Tom and I recently traveled in Portugal for almost six weeks, and what a trip it was! Our food and culture explorations began in Lisbon, and we re-visited the area some weeks later. The first time through, we explored a single neighborhood, Mouraria. When we returned a month later, the food court at Mercado da Ribeira had just opened, and we were eager to take a look.
We were in Portugal last year, mostly in Alentejo. This trip, we were after a broader and more in-depth experience. To get us started, we turned to Taste of Lisboa, organizer of food and culture experiences in and around the city, and visited both Mouraria and the Food Court at Mercado da Ribeira.
Five highlights of our walk in Mouraria
Diverse Mouraria is Lisbon’s melting pot, and its residents, restaurants and boutiques mix long-time traditions and the completely new. Our culture and food walk included stops for nibbles, a nip of sour cherry liquor (taken as medicine until the end of the 19th century), and a chance to “have a mini!” with an African fish cake.
1. Culinary fundamentals
2. Fado facts, with Ginja
Fado was born in Mouraria, and its most celebrated singers are commemorated here with plaques, portraits and music wafting from ancient buildings. We stopped at a tiny tavern to taste Ginja, the cherry liquor, with fado eddying around us.
3. Casual gourmet at Leopold
Chef Tiago Feio and his wife Ana recently opened the four-table restaurant on Rua de Sao Cristovao, one of several innovative start-ups in the neighborhood. Leopold’s Post-it-Note “business cards” come with quotes:
Mine, from Homer Simpson– “Give me liberty or…OOO…a jelly donut!”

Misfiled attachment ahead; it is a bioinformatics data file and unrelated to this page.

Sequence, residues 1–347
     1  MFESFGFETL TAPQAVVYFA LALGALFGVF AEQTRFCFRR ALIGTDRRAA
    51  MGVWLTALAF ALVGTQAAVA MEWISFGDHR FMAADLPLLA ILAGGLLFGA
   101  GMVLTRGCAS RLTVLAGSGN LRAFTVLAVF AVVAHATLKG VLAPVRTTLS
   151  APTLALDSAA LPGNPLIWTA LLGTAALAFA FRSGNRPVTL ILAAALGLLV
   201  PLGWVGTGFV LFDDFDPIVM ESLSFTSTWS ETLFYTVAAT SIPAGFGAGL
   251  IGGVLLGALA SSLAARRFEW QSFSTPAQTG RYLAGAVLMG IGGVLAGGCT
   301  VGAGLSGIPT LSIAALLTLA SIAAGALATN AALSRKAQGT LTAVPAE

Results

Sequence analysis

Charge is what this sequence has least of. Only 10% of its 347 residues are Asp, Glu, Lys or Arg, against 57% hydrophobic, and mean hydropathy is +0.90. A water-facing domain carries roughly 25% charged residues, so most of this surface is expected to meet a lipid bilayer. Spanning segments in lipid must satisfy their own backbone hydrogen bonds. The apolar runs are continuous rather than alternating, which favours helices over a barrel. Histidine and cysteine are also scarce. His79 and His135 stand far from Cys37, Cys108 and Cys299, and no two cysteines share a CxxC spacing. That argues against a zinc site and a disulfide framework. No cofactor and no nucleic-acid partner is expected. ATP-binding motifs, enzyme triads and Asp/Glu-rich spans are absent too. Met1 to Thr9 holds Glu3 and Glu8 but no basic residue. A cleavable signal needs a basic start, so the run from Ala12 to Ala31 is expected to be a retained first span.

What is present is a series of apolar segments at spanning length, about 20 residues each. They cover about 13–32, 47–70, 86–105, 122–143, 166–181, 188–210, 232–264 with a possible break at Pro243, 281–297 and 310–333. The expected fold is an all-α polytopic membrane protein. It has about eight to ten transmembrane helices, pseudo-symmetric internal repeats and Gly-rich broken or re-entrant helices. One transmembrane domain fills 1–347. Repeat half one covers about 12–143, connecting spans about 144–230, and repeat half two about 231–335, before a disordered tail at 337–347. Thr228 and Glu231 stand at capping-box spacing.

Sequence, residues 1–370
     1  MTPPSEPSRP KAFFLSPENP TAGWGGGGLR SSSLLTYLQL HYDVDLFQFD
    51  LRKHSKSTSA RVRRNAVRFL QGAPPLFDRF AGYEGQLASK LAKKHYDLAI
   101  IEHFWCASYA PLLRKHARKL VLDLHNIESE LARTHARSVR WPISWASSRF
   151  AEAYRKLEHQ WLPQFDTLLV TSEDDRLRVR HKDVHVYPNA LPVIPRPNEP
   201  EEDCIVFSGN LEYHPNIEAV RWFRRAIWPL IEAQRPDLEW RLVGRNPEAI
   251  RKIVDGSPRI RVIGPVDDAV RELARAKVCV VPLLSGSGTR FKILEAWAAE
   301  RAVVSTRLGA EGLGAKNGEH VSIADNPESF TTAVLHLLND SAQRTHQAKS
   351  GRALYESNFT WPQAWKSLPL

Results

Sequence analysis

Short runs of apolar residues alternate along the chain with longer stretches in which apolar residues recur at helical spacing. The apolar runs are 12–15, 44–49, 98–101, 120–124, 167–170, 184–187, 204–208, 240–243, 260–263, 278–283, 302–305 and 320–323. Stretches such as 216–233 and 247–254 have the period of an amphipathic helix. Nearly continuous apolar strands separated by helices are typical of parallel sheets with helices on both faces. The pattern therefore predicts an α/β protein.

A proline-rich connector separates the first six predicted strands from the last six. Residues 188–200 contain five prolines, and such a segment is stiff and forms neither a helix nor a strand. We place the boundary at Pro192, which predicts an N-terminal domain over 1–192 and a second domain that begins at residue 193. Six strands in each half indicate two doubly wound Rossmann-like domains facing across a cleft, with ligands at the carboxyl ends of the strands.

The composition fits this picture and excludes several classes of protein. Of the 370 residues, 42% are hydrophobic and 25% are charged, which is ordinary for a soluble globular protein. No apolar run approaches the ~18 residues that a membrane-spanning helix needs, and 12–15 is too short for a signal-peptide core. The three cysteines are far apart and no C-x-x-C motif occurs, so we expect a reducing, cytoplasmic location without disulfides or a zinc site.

For Tom, a quote from Calvin Trillin–“Health food makes me sick.”
For more about Leopold, read this rapturous review of another blogger’s Alfama Mouraria discovery on the way up to Castelo de S. Jorge.
4. “A Tribute” by Camilla Watson
Camilla Watson tells how “A Tribute” came about, and what the neighbors thought, in this video.
5. Vintage boutique
Entrepreneurs are moving into Mouraria, enlivening and enriching the neighborhood. We enjoyed a peek into A LOJA, a boutique on Rua de São Cristóvão featuring vintage and artisanal items lovingly selected by owner Gabrielle de Saint Venant.
In an interview Gabrielle tells about her move to the “international village” of Mouraria.
Mercado da Ribeira, re-born
Lisbon’s Mercado da Ribeiro has been around for ages, selling top-quality produce and seafood trucked into the city from farms in the region. Another side to the market opened in May, showcasing products and concepts from well-known chefs in the city, in a venture managed by Time Out Lisboa. The aim is to present the best in urban lifestyle, from gastronomy to culture.
Open just a few days at the time of our visit, the place was still working out the kinks. Still, we met some of the vendors, enjoyed a personalized introduction to Portuguese cheeses and a fine piece of cake to keep us going until evening.
Out and about with Taste of Lisboa
We highly recommend Filipa’s tours. Her knowledge and passion for sharing the food and culture of her city is unrivaled, and contributed greatly to our food travel experience in Portugal. Thanks to Taste of Lisboa, we also enjoyed a day in the Setúbal District, and a marvelous evening of cooking and sharing dinner with locals in Lisbon. More about that later!
* * *
To see all our travel stories from Portugal, click here.